Ancient civilizations quickly became aware that knowing when the seasons would change was important to their survival. Recording the passage of time was a cornerstone of their evolution and development. As written languages began to emerge so did written calendar systems. However, recording an exact solar year and predicting the equinoxes is no easy matter. There are 365.2422 days in a solar year, more or less (this number slightly varies and changes over time). The root of the problem lies in the fact that the solar year (the time it takes for the earth to orbit the sun once) is not evenly dividable by an earth day (one revolution of the earth). Some early civilizations dealt with this problem better than others.

Most calendars track the sun (a solar calendar) or the moon (a lunar calendar). Some track both and are called lunisolar. Some are astronomical and track the stars.


Invented around 2670 BC, in use today.

Also called the Alexandrian calendar, it is based on the ancient Egyptian calendar. There are 3 seasons, each having 4 months and 30 days. There is a 13th month that consists of 5 or 6 days (depending if it is a leap year or not).

Most historians agree that the Egyptians were the first civilization to calculate time. Using their knowledge of the stars, they divided a year into 12 months. Later, through observations of the equinoxes, they discovered the solar year. The original calendar had 12 months, each with 30 days, and a small month with 5 days making a year 365 days long. In 238 BC the calendar was modified to make the small month have 6 days every 4 years, the first use of a leap year system.

The Coptic calendar is one of the oldest known calendars. The calendar's creation is credited to Imhotep, the supreme official of King Djoser. It is used in Egypt and by the Coptic Orthodox Church.


Invented in 2637 BC, in use today.

The Chinese calendar is lunisolar. Months begin on the new moon. Years begin with the new moon that is nearest the midpoint between the winter and spring solstice. The current Chinese calendar is the result of several millennia of evolution. As a result, there are over 100 different variations of the Chinese calendar.

The official calendar of China is the Gregorian calendar, but the traditional Chinese calendar still plays a role throughout Chinese culture. The Chinese calendar has greatly influenced other calendar systems in Asia.

The Chinese calendar runs in 60 year cycles, each year named for one of 12 animals connected to the Chinese Zodiac. Chinese New Year falls on the new moon between January 21st and February 20th of each year. In 2018, that's February 16th and it will be the year of the dog.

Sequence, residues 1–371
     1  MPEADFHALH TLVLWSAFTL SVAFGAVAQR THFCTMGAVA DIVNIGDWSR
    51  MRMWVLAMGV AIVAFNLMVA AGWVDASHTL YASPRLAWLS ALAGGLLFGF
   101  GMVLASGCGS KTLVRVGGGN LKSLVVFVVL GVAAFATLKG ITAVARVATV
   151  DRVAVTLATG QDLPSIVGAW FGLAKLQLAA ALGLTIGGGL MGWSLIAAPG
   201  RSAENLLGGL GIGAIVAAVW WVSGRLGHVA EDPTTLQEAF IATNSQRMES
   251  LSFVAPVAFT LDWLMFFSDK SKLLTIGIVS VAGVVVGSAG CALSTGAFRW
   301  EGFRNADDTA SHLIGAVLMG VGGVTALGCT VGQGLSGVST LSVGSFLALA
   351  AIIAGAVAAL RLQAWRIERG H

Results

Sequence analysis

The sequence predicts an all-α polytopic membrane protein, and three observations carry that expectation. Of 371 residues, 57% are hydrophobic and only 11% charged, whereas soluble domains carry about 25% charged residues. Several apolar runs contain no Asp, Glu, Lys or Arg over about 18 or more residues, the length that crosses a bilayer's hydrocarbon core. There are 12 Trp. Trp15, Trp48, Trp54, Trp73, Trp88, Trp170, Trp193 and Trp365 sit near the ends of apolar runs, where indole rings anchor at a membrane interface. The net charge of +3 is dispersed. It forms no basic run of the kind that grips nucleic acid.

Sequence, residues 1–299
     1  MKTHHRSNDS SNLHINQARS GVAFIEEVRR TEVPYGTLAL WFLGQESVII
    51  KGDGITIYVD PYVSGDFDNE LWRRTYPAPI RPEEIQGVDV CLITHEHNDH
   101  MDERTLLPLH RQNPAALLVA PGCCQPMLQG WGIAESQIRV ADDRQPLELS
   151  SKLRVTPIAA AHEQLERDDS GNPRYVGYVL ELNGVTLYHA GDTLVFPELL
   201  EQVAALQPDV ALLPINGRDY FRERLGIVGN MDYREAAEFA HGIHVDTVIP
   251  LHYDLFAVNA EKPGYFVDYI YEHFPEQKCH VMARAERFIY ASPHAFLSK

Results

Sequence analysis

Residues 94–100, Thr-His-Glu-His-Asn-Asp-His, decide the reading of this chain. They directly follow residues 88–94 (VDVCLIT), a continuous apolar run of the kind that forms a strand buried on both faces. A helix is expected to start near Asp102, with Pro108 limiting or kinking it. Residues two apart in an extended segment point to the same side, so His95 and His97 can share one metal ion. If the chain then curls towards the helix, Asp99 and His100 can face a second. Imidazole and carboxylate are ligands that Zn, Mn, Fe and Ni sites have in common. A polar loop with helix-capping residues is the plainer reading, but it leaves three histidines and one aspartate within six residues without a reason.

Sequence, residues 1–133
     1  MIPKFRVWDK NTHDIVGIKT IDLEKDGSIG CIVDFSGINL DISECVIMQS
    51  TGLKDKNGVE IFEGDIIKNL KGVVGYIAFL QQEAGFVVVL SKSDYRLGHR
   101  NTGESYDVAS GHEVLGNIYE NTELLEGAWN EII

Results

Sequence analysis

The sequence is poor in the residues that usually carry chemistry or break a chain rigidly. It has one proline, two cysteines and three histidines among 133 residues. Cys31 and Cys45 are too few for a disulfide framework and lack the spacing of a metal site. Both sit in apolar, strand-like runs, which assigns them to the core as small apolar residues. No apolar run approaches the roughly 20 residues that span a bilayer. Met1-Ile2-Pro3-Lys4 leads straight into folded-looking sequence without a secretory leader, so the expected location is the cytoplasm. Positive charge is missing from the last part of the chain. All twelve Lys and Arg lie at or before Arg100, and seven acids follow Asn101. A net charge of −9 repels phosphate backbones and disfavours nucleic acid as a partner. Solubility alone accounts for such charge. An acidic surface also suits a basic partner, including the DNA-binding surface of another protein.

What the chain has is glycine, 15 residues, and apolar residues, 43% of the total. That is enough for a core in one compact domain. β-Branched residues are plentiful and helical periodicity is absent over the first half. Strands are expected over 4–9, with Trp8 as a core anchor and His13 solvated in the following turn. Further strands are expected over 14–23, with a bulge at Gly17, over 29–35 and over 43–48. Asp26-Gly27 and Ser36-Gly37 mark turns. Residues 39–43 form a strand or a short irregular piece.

Invented around 2000 BC, in use through 1500 AD.

The Mayans didn't invent the calendar, most civilizations in pre-Columbus Central America (including the Mayans) used the calendar. The Mayans made revisions and developed it further.

The Mayan calendar is made up of four separate calendars: the Long Count, the Tzolk'in, the Haab, and the Lords of the Night. To the Mayans time was cyclical in nature and a set number of days must occur before a new cycle can begin.

The four Mayan calendars are used simultaneously. Any Gregorian date can be converted into a Mayan date. August 5, 2017 (Gregorian) translates into the Mayan date 2 Lamat 6 Yaxk'in G5:

August 5, 2017 in Mayan glyphs.
The Long Count
13 baktun
13 X 144,000 days = 1,872,000 days

0 katun
0 X 7,200 days = 0 days

4 tun
4 X 360 days = 1,440 days

12 uinal
12 X 20 days = 240 days

8 k'in
8 X 1 day = 8 days
2 Lamat

6 Yaxk'in

Lord of the Night
Mayan: G5 (north)
Aztec: Mictantecutli (God of Death)
The Long Count is an astronomical calendar. It is used to track very long periods of time. The Mayans called it the universal cycle. Each cycle is 5,126 solar years. The Mayans believed the universe was destroyed and then reborn again at the start of each new cycle. This inspired numerous end of the world prophecies that coincided with the Long Count's last end, which was on December 21, 2012.

The Long Count is used to denote years, just as the the Gregorian calendar does. The Long Count starts on August 11, 3114 BC, but it is unknown why this is the starting point.

The Tzolk'in is the distribution of the days (literal translation). It is a calendar with 20 periods, each having 13 days, for a total of 260 days. Each day is numbered 1 through 13, then repeated. The entire 260 day calendar repeats after each cycle. The Tzolk'in was the religious calendar of the Mayans.

The Haab is a 365 day solar calendar that is divided into 19 months, each having 20 days except for one that only has 5 days. The Mayans didn't care about leap years, they were more concerned that time should not be interfered with and unbroken. The count of time should go on forever with continuity. The Haab was the civil calendar of the Mayans.